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  1. Dear forum I have not been able to find the right place to post this topic. I have a question about cheese. I love cheese, the stinkier the better. But many places have started selling cheese without rennet to cater for vegetarian requirements. Thats all fine and great. But..... the cheese without rennet does not taste at all like cheese to me. I have had paneer when in India. That was ok because it was made with lemon juice and marinated with Indian spices before we ate it. But I cannot stand the commercially available cheese there. It tastes like cardboard. The cheese that is made using vegetable rennet tastes just as bad. Sorry that is my opinion, not a judgemnent. Do others feel the same way? Then why are the cheeses made with vegetarian rennet not named differently? I recently bought a cheddar and a cheshire cheese from a US grocery store. My mouth was tingling with the memories of both english cheeses. But!!! I did not look piercingly at the ingredient list and missed the vegetarian rennet there! Suffice to say the packets met the bin very fast. And my pockets were that much emptier for not looking properly. Why can’t a known-named cheese that is made differently, be called so, so we know what to pick?? Bhukhhad.
  2. Blue_Dolphin thank you for posting that comment about Suvir Saran’s recipe. It took me to a whole new thread that I am enjoying a lot! Did anyone who made the recipe ever post pictures? I want to see those please
  3. Hello again Sartoric, I wanted to share a version of this that contains onions and garlic. My friend makes the chutney with a tadka of mustard, chana daal, onions, garlic and fenugreek. To that she adds chopped tomatoes that have been doused with vinegar for a few hours. Turmeric coriander powder with amazing amounts of red chili powder, and then she pressure cooks the whole thing. Then purees it and cooks till its very thick. There is so much red chili powder in her recipe that it would bring flames out of my ears! Thats because she is from Andhra Pradesh where they enjoy a level of heat that is super high. But it grows on you somehow. The first time you take this chutney you pretty much stop at a tiny fingertip lick. But then you crave it. It takes me forever to finish the sample she gives me but I hopefully wait with amazing taste memories for the next installment. I have never been able to reproduce her mother-in-law’s version. It was THAT good! Bhukhhad
  4. Tarla Dalal is among our original well knows chefs Chimayo Joe. The dish made here is very much a dish from gujarat. And yes that is a vaghaar or tempering. But it is done as the first step here. Your answer is probably that both are called ‘vaghaar or phodni or tadka’. And it is specified if this vaghaar is at the start or end. Sometimes the dish benefits from a top spice layer, like in ‘khaman dhokla’ or ‘patra’ where the tempering spices are similar to the starting vaghaar. (Though khaman dhokla has only top spice vaghaar). Sometimes there are two: a tadka of cumin, chilies, onion and tomato to start the dish and a tadka of freshly fried onions on top of a daal. The difference could be that the start may be in oil and the top in ghee. As many versions as there are cooks! Excellent question. I am so happy that I can write about food and real cooks read it. There is no other place like this forum. Bhukhhad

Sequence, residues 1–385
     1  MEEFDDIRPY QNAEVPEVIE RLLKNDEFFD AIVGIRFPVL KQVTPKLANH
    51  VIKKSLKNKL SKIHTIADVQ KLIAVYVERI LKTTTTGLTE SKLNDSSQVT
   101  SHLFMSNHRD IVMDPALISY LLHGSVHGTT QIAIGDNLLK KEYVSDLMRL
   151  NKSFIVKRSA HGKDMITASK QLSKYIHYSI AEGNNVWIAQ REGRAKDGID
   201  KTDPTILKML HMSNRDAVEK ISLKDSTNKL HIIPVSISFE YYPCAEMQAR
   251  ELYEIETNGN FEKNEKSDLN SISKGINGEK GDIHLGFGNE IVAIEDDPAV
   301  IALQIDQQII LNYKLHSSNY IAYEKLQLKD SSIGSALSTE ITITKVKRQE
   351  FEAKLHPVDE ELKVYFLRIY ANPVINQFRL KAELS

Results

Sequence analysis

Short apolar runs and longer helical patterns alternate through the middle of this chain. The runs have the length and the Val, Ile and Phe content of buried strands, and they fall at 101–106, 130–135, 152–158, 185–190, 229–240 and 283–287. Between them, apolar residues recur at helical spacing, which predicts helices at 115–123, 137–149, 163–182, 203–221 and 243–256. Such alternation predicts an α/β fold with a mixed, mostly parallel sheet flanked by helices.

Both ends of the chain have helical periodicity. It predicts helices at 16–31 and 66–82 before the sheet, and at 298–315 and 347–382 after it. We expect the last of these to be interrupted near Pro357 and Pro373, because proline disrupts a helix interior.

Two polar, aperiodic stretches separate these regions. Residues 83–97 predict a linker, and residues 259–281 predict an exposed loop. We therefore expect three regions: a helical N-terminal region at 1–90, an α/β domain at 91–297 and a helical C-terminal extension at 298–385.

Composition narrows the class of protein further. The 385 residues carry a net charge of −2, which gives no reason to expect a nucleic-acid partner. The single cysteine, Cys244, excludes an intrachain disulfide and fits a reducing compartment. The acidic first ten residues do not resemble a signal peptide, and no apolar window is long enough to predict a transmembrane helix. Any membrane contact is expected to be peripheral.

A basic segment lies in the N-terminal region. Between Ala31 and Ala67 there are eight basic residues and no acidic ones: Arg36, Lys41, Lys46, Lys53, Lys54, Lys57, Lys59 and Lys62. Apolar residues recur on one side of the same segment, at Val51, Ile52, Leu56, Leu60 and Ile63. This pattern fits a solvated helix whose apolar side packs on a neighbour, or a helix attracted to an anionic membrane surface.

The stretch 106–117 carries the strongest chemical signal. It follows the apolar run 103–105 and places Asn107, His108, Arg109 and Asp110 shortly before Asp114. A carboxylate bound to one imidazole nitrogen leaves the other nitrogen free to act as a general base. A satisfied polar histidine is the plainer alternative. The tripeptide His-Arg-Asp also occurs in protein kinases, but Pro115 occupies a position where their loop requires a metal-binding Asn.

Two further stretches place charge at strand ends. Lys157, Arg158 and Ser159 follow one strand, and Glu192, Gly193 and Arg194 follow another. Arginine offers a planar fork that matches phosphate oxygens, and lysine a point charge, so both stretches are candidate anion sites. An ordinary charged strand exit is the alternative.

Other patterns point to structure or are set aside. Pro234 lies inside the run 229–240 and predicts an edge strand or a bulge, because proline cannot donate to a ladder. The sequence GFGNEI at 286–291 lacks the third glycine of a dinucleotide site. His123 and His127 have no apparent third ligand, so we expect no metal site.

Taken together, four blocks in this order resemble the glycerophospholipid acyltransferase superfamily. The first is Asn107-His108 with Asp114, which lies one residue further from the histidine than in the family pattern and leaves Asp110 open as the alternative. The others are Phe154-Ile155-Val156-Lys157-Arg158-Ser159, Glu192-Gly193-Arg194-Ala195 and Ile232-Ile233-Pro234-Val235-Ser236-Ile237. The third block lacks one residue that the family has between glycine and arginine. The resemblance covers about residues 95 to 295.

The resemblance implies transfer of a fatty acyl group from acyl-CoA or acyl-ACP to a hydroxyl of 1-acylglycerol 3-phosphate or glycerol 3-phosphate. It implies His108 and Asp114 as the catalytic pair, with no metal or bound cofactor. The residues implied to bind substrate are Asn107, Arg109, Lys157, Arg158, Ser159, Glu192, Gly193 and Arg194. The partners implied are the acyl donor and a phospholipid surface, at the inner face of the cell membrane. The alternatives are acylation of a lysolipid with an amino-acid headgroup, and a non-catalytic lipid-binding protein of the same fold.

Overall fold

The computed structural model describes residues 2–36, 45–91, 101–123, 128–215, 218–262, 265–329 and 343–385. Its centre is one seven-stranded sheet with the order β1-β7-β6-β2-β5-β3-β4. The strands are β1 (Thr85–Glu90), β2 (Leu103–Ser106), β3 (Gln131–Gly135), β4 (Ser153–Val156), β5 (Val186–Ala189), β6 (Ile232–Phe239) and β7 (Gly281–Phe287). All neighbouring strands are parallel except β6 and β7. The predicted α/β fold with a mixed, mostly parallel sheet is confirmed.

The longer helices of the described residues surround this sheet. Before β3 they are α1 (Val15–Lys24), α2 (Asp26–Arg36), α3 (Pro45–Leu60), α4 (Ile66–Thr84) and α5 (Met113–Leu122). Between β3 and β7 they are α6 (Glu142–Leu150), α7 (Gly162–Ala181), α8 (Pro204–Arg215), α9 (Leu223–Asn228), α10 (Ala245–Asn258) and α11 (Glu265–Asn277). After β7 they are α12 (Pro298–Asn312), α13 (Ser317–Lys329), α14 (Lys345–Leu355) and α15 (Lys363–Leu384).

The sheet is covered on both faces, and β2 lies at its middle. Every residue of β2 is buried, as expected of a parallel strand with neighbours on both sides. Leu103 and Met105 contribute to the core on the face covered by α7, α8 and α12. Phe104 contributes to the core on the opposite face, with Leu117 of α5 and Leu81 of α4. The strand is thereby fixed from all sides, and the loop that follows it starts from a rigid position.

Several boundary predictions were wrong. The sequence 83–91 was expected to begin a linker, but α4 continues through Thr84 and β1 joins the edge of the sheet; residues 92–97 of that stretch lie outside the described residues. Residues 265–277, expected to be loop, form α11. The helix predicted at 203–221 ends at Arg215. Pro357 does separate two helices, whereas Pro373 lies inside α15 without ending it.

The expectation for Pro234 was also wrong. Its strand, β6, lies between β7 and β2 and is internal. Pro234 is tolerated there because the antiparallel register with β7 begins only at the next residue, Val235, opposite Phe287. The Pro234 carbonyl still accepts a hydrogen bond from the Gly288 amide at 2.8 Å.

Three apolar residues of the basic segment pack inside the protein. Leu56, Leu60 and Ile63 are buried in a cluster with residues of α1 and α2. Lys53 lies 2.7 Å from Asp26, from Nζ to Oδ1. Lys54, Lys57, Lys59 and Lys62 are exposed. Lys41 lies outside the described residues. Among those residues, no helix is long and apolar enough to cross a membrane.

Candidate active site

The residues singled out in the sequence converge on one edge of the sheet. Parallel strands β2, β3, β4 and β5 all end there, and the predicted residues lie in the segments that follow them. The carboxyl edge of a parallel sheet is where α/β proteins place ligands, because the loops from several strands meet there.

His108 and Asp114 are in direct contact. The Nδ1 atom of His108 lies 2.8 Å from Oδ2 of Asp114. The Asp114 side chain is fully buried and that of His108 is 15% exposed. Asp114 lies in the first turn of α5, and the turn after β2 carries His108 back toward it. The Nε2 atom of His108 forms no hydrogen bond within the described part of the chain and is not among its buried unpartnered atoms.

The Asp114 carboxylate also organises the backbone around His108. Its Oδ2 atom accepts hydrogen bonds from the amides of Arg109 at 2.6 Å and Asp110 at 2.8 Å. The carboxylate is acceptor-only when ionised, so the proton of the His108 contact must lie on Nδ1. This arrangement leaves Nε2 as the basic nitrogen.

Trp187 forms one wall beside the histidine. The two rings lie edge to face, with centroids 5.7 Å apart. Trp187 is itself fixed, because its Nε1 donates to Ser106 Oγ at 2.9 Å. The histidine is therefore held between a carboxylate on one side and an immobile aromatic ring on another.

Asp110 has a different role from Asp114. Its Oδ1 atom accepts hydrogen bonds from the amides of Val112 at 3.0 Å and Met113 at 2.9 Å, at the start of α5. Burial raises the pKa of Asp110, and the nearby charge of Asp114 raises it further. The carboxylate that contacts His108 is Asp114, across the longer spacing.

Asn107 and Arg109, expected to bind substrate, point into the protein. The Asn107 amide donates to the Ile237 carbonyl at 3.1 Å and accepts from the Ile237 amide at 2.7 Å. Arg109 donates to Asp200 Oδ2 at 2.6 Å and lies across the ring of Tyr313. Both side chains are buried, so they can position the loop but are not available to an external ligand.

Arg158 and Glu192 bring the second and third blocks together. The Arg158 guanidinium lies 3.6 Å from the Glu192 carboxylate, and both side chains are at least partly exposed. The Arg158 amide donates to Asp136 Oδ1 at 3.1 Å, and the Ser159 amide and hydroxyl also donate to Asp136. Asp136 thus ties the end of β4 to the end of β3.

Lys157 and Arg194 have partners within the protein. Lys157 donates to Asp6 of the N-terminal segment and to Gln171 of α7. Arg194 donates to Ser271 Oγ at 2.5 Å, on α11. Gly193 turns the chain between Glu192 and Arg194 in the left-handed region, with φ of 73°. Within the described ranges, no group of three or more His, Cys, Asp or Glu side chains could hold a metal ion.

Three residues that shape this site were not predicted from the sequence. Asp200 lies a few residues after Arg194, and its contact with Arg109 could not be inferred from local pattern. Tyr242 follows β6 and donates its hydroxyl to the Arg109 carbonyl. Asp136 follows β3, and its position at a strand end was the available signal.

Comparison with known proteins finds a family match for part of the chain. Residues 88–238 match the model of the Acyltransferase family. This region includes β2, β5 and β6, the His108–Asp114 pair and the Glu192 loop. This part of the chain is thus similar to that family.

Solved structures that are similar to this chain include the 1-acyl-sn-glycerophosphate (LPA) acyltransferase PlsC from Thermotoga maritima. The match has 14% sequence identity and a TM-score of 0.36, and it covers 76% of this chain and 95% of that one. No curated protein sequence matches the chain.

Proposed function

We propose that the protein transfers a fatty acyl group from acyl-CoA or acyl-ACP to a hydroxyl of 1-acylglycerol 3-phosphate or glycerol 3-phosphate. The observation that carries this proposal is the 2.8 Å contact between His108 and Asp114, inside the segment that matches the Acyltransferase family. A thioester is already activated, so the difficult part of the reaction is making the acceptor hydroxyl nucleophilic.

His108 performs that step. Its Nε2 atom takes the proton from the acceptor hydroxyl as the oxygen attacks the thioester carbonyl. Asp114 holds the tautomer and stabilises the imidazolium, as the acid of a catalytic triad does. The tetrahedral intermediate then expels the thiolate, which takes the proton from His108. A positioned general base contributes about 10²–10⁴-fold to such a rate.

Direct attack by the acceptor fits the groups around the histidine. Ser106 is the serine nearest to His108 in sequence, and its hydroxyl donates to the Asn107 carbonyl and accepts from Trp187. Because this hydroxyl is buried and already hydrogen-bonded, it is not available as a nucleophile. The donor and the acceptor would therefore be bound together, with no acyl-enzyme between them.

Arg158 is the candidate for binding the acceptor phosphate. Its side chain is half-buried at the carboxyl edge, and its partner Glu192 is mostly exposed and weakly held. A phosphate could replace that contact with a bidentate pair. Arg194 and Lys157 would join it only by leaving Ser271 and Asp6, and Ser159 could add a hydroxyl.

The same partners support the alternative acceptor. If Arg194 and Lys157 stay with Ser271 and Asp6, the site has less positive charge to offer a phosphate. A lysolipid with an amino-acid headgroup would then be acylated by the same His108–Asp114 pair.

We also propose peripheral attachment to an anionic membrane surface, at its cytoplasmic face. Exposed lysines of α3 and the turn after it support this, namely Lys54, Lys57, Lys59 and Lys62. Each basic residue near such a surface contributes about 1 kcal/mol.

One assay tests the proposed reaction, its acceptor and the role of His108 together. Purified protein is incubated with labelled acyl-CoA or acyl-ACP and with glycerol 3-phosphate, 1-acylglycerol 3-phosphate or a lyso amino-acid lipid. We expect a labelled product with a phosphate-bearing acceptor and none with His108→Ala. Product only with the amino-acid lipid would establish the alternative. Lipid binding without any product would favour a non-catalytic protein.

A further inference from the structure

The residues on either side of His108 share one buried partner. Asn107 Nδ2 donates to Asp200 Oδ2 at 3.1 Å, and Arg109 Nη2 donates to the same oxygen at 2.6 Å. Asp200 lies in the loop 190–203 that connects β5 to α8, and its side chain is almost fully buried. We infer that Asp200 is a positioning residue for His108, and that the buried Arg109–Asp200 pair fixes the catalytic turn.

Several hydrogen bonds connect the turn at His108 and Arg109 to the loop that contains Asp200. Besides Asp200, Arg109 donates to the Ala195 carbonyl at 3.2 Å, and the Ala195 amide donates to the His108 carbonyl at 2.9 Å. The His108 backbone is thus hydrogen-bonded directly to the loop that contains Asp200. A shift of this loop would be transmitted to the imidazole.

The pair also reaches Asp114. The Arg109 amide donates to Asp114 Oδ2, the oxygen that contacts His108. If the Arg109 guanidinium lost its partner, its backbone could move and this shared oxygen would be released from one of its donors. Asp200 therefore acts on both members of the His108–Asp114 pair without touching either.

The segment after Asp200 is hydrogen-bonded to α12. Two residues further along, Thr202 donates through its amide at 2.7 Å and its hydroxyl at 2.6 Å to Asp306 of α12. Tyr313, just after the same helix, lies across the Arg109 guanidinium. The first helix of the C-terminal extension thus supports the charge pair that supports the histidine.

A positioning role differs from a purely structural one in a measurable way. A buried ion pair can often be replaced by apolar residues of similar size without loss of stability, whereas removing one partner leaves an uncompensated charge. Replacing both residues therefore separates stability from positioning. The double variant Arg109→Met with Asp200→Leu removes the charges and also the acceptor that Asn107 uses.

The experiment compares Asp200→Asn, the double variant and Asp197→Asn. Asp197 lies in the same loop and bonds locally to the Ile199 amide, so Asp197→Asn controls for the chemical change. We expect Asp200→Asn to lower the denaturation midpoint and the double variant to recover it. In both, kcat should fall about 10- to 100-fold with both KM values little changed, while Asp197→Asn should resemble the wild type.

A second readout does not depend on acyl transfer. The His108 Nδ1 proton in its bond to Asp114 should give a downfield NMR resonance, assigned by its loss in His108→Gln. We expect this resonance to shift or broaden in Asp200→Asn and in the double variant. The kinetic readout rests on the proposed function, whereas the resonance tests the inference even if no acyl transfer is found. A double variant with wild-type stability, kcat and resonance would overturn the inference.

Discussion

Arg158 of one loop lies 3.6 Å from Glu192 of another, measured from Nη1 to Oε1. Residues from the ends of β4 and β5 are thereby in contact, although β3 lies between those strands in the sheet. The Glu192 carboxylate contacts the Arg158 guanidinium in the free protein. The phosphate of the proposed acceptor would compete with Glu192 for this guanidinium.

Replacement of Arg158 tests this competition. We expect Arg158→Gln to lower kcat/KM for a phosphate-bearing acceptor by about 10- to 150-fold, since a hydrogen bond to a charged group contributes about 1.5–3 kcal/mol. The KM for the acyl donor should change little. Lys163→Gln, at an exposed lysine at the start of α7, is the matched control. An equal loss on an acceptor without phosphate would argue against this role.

5. MelissaH I can relate so well with what you say. My husband and I are both from different regions in India and we like both styles of cooking. Yet once in a while ‘its delicious but not quite what my Mom made’ is the verdict of a hard effort. And I can remember the same statements from my parents who were actually from the same small town!!! hahahahahahahhaha
  6. Folks, I grew up in India and have learned cooking in india and read and experimented voraciously from both north and south, east and west Indian influences. Here is my answer: 1. Tadka/ Chaunka/ Vaghaar/ Phodni/ Tempering are all names of the same method. The method is the TOP LAYER OF SEASONING In Gujarat, the top layer of seasoning may have green curry leaves, asafoetida, sesame seeds and mustard or cumin seeds heated in a spoonful of oil and then placed on top of the cooked dish as a top layer of seasoning. The garnish may be some chopped cilantro. In Maharashtra the top layer may be red chili powder, asafoetida, turmeric, mustard seeds and peppercorns heated in oil. The garnish may be fresh grated coconut and green chilies In south India the top layer seasoning may be ‘urad daal and channa dal’, green chilies and red chilies whole, green curry leaves, mustard seeds and coriander seeds whole all heated in oil. There may quite well be some roasted urad and channa dals that start off the cooking of the dish as well. In Bengal there may be a top layer of seasoning of ‘garlic / mustard’ heated in oil. The garnish may be cilantro. But the dish may start off with onions garlic ginger poppy seeds and coconut. The oil will be mustard oil. In Bengal Kolkatta a top layer of ‘panch phoran’ is also common: panch Phoron/Phoran is 5 seeds: Cumin, Mustard, Fenugreek, Fennel and Dry coriander. Fried in a littler mustard oil. In Punjab the top layer of seasoning would likely be ‘cumin, fenugreek seeds or leaves, asafoetida heated in mustard oil. Or it could be onions garlic and tomato pieces heated in mustard oil. Or it could be deep fried onion slices. In Kashmir the top layer may be fennel seeds, raisins, cashew nuts, pine nuts all fried in a little mustard oil. The cooking may also involve poppy seed paste. Bhukhhad